Insects and other foods the trout may be eating:
1.   Blue-winged Olives - mostly Little BWO - Isolated hatches
2.   Cinnamon Caddis - Mostly Abrams Creek
3    Little Sister Caddisflies - Mostly Abrams Creek
4.   Midges - hatching in isolated locations
5.   Little Yellow Stoneflies - hatching (Little Summer Stones)
6.   Slate Drakes - hatching
7.   Little Green Stonefly - hatching
8.   Cream Cahills - hatching in Isolated locations
9.   Beetles
10. Grasshoppers
11. Ants
12. Inch Worms
13. Crane Flies
14. Helligramite
15. Streamers - matching sculpin, baitfish and small crawfish

The Learning Process - Part 38 - Casting
Just in case you missed it a couple of articles ago, I will mention again that in order
to make a long cast, you must straighten out the line and leader during the cast.
You want cast a crooked line very far. When the fly hits the water, everything
including fly line, leader and tippet, lands in a straight line. If you are fishing a
stream with any current, the fly usually starts to drag immediately. The water that
the fly line and leader lands in, instantly begins to pull everything downstream.
Unless the flow of the stream is exactly the same the full length of your fly line and
leader in the water, some part of the line or leader is going to be moving
downstream faster than the fly and other sections of the line. To correct that and
stop the drag on the fly, you have to mend the line. That means part of the fly line
has to be picked up off the water with your fly rod and laid back down as a coil or a
loop. Even if you throw some slack in your line, if you have made a very long cast,
you are probably still going to get drag on the fly because its almost impossible to
get slack in the line all the way to the leader. It isn't easy to mend fifty to seventy
feet of fly line.

It is often thought that drag only affect dry flies but it also affect nymphs and wet
flies. If the fly isn't moving at the same speed of the drift, your wet fly or nymph isn't
going to look natural to the trout. The trout watch object drifting downstream below
the surface their entire life. Don't think they want detect the unnatural drift.

I didn't have to learn this part of fly fishing in what I am calling our "Learning
Process".. I knew years before that, irrespective of what you are fishing for, or the
type of tackle you are using, long cast of any type are not usually productive. One
excuse I often hear from others is that someone wants to learn to cast a long
distance in order to use streamers. I don't know exactly what is about streamers that
makes anyone think they need to cast them farther than other flies, but many
anglers do. Long cast made with streamers usually ends up unproductive for a
number of reason other than drag on the fly. For one thing, you can't control the
drift of the streamer as well as you can with a shorter cast. You cannot detect
strikes as easily or set the hook as well either. You cannot control the depth as well.

When you are fishing for trout, in most situations you want you fly line, leader and
tippet to land on the water exactly the opposite of how a long cast ends up. Instead
of everything landing in a straightened out position, you want everything to end up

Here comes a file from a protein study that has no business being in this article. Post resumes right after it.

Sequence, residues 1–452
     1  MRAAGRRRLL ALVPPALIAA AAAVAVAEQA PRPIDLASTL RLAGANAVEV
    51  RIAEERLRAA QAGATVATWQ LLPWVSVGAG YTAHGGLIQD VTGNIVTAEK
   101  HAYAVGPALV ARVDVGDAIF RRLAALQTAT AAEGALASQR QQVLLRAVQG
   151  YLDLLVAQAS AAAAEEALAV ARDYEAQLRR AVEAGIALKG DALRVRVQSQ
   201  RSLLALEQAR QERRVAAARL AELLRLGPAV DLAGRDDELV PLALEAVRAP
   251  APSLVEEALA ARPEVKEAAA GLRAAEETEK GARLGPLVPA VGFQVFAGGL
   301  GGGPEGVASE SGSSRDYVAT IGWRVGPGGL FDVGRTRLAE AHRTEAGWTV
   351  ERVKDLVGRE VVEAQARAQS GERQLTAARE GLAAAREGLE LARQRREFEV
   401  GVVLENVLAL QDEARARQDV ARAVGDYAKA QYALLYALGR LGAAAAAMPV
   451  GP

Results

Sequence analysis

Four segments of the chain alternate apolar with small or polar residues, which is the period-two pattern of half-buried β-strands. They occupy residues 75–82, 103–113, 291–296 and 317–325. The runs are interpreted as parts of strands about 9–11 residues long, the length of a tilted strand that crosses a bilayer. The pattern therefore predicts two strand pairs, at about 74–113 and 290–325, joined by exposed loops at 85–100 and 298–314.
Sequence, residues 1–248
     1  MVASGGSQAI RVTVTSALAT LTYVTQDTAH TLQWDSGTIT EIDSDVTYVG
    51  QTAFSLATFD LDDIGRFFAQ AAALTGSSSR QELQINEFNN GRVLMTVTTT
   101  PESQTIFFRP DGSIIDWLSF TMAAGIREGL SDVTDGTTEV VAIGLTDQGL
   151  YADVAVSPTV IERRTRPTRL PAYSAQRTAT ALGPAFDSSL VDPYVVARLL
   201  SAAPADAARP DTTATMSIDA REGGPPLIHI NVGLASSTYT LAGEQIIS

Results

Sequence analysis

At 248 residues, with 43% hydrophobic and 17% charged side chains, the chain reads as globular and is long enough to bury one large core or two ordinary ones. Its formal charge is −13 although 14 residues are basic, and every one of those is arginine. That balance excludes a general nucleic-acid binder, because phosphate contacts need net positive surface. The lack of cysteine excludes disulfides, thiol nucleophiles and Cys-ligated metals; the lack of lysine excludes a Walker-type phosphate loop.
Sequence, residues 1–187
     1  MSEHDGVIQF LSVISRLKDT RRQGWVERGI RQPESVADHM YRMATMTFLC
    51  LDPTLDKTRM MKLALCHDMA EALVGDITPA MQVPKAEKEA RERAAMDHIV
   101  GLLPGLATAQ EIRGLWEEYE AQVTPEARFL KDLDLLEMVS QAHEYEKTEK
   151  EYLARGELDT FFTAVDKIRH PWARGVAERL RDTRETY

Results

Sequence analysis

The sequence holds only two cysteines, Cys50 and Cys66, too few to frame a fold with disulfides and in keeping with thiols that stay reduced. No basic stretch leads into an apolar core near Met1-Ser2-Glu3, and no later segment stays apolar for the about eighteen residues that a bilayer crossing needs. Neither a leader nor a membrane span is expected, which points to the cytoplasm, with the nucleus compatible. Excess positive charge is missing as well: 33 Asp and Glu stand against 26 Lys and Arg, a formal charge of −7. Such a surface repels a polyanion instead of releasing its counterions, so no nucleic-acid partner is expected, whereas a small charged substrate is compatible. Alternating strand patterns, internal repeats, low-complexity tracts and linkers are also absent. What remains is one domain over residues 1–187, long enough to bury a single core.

crooked. You want to have some slack in the line to avoid instant drag on the fly. In
other words, you need to learn to make accurate cast that allows the line to end of
crooked or with some curves in it.  You want to have to make as few as possible
mends. Mending your line creates unnecessary disturbances. If you happen to get
a take from a fish when you have started the mend, you may miss the fish. It is often
necessary and sometimes impossible to avoid having to make line mends but
ideally, you don't want to have to mend the line.

When you are fishing dry flies and making upstream cast as most all of us do in the
streams of the Smokies, you don't want the fly to come back downstream where the
fly line or leader is going to pass over a trout. Since you most often are blind
fishing, you don't want the fly line, or the leader, to pass over the area of water
where trout are most likely holding. You want only the fly and tippet to pass over the
fish. You may get by with the leader passing over the fish in some cases, but you
usually want if the fly line passes over one. If you are making false cast over the
area, or if you are having to mend your line much, you may ruin your opportunity to
catch a trout.

You probably quickly thought that you usually don't make cast directly upstream  
where the fly everything is going to come back directly downstream. Of course the
solution to that is to make some type of up and across current presentation. That is
correct except you have to be aware that when you do that, most often part of your
heavier leader and fly line may land in water that is flowing slower or faster that the
water the fly lands in. Either situation causes drag on the fly and requires mending.
In fact, in the small streams of the Smokies, if you fly line is in the water, it is most
likely drifting at a different rate of speed than the fly. There are very few areas of
water that have the same exact current flow. Anytime there are rocks and boulders
in the water, below or protruding above the surface, the current on the surface of
the water is going to be flowing at different speeds. When you make an up and
across presentation, you want the leader and tippet to have some slack in it when
the fly hits the water. So, how do you accomplish that intentionally. I say
"intentionally" because it is often fairly easy to do unintentionally. You just make a
poor cast. I am just kidding, of course, but you really do have to make a cast that
doesn't require the line to straighten all the way out, or at least fall to the water
completely straightened out.  (Continued tomorrow)

Copyright 2009 James Marsh